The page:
I once had a boyfriend who said I could suck the fun out of anything. Fair warning: I am about to give this treatment to Dubai, a place I, perhaps unexpectedly, now adore. Everything you have ever heard about Dubai is true. The largest mall. The tallest building. The whims of oil sheikhs and billionaires indulged thanks to armies of Indian and Filipino workers. The camel-racing track used only once a year. I have seen it all and, at face, it is easy to dismiss as venal and vainglorious. But there are life lessons and leadership lessons to be drawn from the miracle that is Dubai.
Imagine you are the head of the ruling family in charge of Dubai in the 1880s. You have a lot of sand, sundry camels, a lot of sun and, frankly, not much else. But you do have access to open water– you are a gulf state. So you get rid of taxes and tariffs and establish yourself as a trading hub. You read your environment, identify your strengths, come up with a vision and execute it, ignoring all nay-sayers. While you are at it, you teach your son the importance of thinking big, and taking care of your people, and focusing on a goal. He passes his wisdom to his son and so on, down the royal line.
Fast forward nearly 100 years. The British Labour government, in what turned out to be an ill-judged belt-tightening exercise, decides that Britain is no longer needed in the Gulf because piracy is no longer a problem threatening world trade. The Brits in Dubai pack up their buckets and spades and go home. The ruling sheikh, descendent of our original hero, is instrumental in forming the United Arab Emirates. He also begins to implement his vision for Dubai as the go-to spot for the world’s entrepreneurs, innovators and designers. Dubai today is a throbbing, shining example of the value of self-belief, focus and problem-solving. Imagine if you had been asked to invest in creating a super-city built on sand in a part of the world with no drinkable water? You’d think it was crazy, and you’d walk away. You’d be wrong. One after another, the problems facing Dubai have been solved. No water? Build desalination plants. Use the steam generated at various points in the process to power new industry. Spray the run-off on construction sites to combat desert dust. No labor in a state with only 200,000 nationals? Import service and construction workers from the developing world. Invite architects from all over the world to design their most outrageous fantasies. Build these. Make it just as easy as you possibly can for business to succeed here. Let the shoppers of the world know they can find anything they want– anything– here. Sit back and listen to the cash registers ring. Encourage the world’s best doctors to come by investing in medical innovation. Plant the idea of surgery and recovery in luxury and sunshine. Welcome the sick, the halt and the lame, and those who need new noses.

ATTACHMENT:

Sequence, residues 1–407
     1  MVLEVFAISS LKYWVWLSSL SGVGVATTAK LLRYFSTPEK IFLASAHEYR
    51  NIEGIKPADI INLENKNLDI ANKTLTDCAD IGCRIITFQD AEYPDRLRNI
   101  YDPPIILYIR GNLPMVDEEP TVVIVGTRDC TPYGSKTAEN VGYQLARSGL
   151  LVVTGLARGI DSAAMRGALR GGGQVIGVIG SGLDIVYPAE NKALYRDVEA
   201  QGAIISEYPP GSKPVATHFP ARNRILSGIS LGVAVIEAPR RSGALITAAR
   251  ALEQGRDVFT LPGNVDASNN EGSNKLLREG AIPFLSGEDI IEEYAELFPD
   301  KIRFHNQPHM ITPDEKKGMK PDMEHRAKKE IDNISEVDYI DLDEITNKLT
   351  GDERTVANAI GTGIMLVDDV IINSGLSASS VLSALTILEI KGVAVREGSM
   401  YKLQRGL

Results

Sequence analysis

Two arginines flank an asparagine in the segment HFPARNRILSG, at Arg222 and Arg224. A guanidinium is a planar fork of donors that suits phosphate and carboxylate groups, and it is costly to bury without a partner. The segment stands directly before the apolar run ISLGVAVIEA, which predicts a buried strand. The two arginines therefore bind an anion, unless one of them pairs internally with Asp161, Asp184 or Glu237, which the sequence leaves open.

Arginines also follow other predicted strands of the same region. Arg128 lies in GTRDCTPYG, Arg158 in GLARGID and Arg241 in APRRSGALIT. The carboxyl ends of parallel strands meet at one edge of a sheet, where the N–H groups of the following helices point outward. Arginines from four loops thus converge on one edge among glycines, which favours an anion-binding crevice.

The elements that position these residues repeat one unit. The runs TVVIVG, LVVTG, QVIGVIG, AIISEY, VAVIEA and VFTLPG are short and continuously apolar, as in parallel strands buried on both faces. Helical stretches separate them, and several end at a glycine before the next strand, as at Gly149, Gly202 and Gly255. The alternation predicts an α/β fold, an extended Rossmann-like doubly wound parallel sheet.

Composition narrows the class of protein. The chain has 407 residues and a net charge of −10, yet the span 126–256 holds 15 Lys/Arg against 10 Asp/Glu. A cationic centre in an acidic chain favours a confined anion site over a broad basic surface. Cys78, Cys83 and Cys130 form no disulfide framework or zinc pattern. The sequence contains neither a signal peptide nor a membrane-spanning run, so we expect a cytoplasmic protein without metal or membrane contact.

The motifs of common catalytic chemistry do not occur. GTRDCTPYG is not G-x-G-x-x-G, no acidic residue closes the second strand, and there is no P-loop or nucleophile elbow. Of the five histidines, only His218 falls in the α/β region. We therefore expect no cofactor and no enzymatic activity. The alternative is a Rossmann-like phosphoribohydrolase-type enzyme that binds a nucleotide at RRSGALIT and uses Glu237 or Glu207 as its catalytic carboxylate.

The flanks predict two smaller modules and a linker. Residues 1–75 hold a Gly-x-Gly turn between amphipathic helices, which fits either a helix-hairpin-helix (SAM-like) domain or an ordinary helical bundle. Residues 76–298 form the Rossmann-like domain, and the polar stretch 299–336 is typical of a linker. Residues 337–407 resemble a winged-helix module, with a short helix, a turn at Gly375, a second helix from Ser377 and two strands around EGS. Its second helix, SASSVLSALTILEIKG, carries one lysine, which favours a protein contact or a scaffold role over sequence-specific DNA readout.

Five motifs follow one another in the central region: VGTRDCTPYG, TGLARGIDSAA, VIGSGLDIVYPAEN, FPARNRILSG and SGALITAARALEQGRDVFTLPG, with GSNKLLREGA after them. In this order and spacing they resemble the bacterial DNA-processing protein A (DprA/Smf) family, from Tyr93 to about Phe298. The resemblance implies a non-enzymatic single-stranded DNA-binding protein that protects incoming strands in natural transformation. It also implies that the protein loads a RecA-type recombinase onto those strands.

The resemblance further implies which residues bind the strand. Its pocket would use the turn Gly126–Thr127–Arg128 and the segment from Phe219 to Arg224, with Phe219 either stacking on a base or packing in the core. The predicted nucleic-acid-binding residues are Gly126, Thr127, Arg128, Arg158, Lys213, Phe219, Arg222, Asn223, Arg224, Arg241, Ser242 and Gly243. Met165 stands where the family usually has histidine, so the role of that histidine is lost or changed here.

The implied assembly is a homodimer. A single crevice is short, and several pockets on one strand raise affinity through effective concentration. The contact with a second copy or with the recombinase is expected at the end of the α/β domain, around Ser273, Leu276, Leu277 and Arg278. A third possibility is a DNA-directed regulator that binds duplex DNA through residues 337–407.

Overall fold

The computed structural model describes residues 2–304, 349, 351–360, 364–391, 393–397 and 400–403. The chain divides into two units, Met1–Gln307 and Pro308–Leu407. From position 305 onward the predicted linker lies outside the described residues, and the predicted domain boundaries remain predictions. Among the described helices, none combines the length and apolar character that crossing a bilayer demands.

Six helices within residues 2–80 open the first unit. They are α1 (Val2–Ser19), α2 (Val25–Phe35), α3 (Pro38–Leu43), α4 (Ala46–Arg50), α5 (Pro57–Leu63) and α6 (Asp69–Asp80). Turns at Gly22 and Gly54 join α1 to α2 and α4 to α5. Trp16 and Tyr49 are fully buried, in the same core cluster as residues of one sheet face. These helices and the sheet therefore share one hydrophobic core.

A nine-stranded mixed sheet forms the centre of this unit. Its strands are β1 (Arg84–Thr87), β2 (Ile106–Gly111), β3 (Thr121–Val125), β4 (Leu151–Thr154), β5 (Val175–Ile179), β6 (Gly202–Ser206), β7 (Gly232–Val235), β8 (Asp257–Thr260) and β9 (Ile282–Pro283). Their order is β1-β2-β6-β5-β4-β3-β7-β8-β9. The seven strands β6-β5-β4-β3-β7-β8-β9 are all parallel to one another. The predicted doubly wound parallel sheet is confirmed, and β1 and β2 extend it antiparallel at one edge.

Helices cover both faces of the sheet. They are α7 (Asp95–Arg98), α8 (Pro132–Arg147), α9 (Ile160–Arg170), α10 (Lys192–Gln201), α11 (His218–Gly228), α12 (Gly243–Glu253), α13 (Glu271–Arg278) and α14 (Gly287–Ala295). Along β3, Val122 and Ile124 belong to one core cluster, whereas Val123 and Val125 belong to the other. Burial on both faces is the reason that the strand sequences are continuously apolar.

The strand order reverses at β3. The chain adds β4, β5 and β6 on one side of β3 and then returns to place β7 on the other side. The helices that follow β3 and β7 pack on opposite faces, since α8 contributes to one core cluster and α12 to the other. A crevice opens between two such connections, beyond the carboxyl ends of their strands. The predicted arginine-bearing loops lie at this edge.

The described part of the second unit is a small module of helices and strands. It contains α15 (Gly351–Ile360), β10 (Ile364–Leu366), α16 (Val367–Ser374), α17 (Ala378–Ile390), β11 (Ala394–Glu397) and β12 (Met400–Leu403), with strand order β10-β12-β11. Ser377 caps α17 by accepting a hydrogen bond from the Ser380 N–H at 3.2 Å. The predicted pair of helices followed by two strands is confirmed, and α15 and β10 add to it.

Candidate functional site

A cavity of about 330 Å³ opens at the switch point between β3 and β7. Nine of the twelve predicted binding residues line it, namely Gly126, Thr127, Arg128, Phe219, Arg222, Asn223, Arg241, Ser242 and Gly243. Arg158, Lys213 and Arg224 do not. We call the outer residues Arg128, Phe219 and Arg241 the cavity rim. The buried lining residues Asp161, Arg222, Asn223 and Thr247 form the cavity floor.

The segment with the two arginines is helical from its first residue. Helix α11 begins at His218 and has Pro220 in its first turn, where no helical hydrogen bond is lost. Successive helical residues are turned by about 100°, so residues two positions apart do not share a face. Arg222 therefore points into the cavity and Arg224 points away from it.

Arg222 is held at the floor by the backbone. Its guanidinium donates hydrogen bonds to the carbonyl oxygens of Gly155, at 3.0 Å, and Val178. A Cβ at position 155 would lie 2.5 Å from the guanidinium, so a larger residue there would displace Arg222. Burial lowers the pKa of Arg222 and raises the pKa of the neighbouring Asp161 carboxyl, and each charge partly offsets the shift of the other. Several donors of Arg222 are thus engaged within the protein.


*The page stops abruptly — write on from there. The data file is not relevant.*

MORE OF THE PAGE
‘Ah’ you say ‘All this imagination and innovation is all very well if you have oil to fuel and fund it’. Well, yes. But oil wasn’t discovered until the 1960s and, in Dubai, will run out by 2040. Plus oil isn’t as fashionable as once it was. Dubai of course is building the world’s largest solar energy plant in what’s left of its desert. Planning for the future and enabling new futures is what today’s ruler Sheikh Mohammed is all about. He sees Dubai as a model for the world.
Now there must of course be ugliness, and pain and need in Dubai. Workers live 8 to a windowless room. Western women worry about the restrictions faced by Arab women here. While the country is pledged to advance knowledge and education, it is a great deal easier to spot 7-star hotels than to see libraries or schools. But it’s hard not to marvel at what has been created. Even if you can’t afford happy hour prices in the big hotels (the only places where alcohol is sold), still visit the Palace and Al Qasar and the Jumeirah Beach just to see what’s possible. The beauty, taste and opulence astounds. Ride the sleek metro. Take a taxi at night to admire the lights on the skyline. Gain a new appreciation of Islamic patterns (symbolising infinity and transformation according to some scholars) rendered with laser beams and angled panes of glass. Every store in the Dubai Mall–yes,the biggest in the world– is obliged to ensure its outlet here is bigger than any of its shops anywhere else on the planet. No point bleating about your British HQ if you are Cath Kidston, or your French allegiance if you are Galeries Lafayette. If you don’t go big, you go home–or I suppose to one of the many other mega-malls here. Walk a mile or two of the marbled halls inhaling the smell of vanilla and orange blossom pumped into the air and admiring the glass and lights. This mall has its own aquarium, ice rink, and dancing fountain. Leave open-mouthed and empty-handed. Pick up a Subway for supper if you must. Just as Payless Shoes jostles with Hermes for retail space at the mall, so junk food brands from all over the world can be found between high-end restaurants. Anything you fancy, you can find.
‘Ah but’, you say, perhaps a little piously, “What about culture? There is more to life than shopping after all…” Well UAE has that covered too. Abu Dhabi, less than 150 km from Dubai, is being fashioned as the cultural center. The Louvre has already unfolded its tent in the desert. A visitor from the Pompidou Centre in Paris will give a talk on buying art for those aspiring to their own collection. There are festivals for opera and many other kinds of music, and awards for arts and literature. And of course Islam has its arts and culture too, although most of us in the West know little about it.
Visiting Dubai is like seeing New York for the first time. I believe I like it better. Try it sometime and see what you think.